University of Michigan professor Gerald Davis, one of the pre-eminent scholars of the trend, likens financialization to a "Copernican revolution" in which business has reoriented its orbit around the financial sector. This revolution is often blamed on bankers. But it was facilitated by shifts in public policy, from both sides of the aisle, and crafted by the government leaders, policymakers and regulators entrusted with keeping markets operating smoothly. Greta Krippner, another University of Michigan scholar, who has written one of the most comprehensive books on financialization, believes this was the case when financialization began its fastest growth, in the decades from the late 1970s onward. According to Krippner, that shift encompasses Reagan-era deregulation, the unleashing of Wall Street and the rise of the so-called ownership society that promoted owning property and further tied individual health care and retirement to the stock market.
The changes were driven by the fact that in the 1970s, the growth that America had enjoyed following World War II began to slow. Rather than make tough decisions about how to bolster it (which would inevitably mean choosing among various interest groups), politicians decided to pass that responsibility to the financial markets. Little by little, the Depression-era regulation that had served America so well was rolled back, and finance grew to become the dominant force that it is today. The shifts were bipartisan, and to be fair they often seemed like good ideas at the time; but they also came with unintended consequences. The Carter-era deregulation of interest rates—something that was, in an echo of today's overlapping left-and right-wing populism, supported by an assortment of odd political bedfellows from Ralph Nader to Walter Wriston, then head of Citibank—opened the door to a spate of financial "innovations" and a shift in bank function from lending to trading. Reaganomics famously led to a number of other economic policies that favored Wall Street. Clinton-era deregulation, which seemed a path out of the economic doldrums of the late 1980s, continued the trend. Loose monetary policy from the Alan Greenspan era onward created an environment in which easy money papered over underlying problems in the economy, so much so that it is now chronically dependent on near-zero interest rates to keep from falling back into recession.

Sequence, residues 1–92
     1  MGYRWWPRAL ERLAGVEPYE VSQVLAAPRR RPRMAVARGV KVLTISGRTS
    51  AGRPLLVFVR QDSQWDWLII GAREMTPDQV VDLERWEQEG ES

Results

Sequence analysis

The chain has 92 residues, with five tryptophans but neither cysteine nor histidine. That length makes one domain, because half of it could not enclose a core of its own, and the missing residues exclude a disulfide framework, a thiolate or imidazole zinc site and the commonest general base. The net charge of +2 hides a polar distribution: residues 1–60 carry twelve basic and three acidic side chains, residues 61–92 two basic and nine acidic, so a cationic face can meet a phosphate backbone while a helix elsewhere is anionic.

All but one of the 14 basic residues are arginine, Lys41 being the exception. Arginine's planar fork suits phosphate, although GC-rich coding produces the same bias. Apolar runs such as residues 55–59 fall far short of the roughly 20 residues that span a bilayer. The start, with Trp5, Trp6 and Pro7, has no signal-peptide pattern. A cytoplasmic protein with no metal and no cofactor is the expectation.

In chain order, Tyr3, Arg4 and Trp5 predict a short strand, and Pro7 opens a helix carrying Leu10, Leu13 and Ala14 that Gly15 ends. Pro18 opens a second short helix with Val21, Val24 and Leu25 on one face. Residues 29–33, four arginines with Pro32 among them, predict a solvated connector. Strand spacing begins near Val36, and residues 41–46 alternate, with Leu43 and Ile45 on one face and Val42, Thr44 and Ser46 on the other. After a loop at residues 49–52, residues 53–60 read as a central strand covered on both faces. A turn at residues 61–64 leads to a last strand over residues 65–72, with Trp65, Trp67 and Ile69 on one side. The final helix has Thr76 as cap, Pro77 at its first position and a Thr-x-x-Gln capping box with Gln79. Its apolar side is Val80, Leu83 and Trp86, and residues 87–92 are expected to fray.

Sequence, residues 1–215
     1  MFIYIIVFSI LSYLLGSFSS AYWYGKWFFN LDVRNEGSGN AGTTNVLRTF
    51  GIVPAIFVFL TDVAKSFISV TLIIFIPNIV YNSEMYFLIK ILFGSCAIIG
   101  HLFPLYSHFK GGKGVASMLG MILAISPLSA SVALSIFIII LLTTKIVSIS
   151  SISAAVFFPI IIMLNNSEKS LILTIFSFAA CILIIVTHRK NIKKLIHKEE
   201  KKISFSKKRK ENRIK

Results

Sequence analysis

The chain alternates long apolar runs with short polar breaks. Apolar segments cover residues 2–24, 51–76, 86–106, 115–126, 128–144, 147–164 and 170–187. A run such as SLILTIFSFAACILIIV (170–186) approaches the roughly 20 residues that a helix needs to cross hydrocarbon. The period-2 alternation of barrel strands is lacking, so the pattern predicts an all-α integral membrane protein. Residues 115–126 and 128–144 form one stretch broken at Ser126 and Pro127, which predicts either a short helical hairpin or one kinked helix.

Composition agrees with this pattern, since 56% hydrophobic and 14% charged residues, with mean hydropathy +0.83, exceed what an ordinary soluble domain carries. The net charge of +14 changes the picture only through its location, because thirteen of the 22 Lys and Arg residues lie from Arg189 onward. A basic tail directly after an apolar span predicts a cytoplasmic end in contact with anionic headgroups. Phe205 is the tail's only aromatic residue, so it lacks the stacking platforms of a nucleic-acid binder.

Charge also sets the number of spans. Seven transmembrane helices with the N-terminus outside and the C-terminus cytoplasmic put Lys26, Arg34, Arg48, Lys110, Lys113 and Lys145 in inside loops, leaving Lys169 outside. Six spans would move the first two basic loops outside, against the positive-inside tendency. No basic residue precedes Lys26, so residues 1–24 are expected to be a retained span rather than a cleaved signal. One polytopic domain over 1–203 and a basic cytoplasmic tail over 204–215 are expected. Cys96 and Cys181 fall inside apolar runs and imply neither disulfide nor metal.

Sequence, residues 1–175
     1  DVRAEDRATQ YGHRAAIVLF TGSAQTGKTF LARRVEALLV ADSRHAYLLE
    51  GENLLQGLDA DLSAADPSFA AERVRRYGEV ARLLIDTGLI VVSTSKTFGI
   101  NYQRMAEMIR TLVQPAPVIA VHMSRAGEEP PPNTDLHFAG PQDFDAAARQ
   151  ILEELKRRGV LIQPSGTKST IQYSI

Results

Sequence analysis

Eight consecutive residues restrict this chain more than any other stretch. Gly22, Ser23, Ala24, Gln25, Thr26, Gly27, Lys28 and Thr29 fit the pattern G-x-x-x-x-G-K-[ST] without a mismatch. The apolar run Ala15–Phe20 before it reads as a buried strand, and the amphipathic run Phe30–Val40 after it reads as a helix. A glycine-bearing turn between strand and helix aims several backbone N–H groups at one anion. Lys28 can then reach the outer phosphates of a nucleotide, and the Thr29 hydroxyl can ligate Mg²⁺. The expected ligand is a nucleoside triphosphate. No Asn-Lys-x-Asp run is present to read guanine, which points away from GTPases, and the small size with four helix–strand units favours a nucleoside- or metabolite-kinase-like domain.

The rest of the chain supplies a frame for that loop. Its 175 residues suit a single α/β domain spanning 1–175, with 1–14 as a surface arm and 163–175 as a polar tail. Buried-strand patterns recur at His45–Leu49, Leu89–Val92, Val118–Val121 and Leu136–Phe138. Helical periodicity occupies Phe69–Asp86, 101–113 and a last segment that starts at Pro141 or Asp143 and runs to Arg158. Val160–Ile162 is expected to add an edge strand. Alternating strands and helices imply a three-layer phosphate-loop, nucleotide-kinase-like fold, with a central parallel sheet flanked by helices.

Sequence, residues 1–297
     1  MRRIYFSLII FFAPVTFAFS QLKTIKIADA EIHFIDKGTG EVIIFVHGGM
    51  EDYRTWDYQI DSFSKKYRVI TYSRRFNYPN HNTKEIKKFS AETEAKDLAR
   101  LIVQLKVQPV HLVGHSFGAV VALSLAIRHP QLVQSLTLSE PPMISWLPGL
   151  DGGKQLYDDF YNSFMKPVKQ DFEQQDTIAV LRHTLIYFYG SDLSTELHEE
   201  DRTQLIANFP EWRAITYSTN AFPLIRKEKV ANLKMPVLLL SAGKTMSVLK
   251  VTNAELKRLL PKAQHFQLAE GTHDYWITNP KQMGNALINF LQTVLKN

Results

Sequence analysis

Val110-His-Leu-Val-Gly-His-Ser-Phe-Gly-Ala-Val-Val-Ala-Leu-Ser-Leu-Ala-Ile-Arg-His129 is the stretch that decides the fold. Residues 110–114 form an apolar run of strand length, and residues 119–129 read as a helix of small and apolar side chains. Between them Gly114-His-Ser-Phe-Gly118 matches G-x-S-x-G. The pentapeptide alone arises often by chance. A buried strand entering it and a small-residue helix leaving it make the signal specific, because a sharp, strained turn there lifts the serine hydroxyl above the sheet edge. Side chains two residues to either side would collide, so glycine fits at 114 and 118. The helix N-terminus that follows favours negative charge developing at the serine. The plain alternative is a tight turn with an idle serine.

This sickness, not so much the product of venal interests as of a complex and long-term web of changes in government and private industry, now manifests itself in myriad ways: a housing market that is bifurcated and dependent on government life support, a retirement system that has left millions insecure in their old age, a tax code that favors debt over equity. Debt is the lifeblood of finance; with the rise of the securities-and-trading portion of the industry came a rise in debt of all kinds, public and private. That's bad news, since a wide range of academic research shows that rising debt and credit levels stoke financial instability. And yet, as finance has captured a greater and greater piece of the national pie, it has, perversely, all but ensured that debt is indispensable to maintaining any growth at all in an advanced economy like the U.S., where 70% of output is consumer spending. Debt-fueled finance has become a saccharine substitute for the real thing, an addiction that just gets worse. (The amount of credit offered to American consumers has doubled in real dollars since the 1980s, as have the fees they pay to their banks.)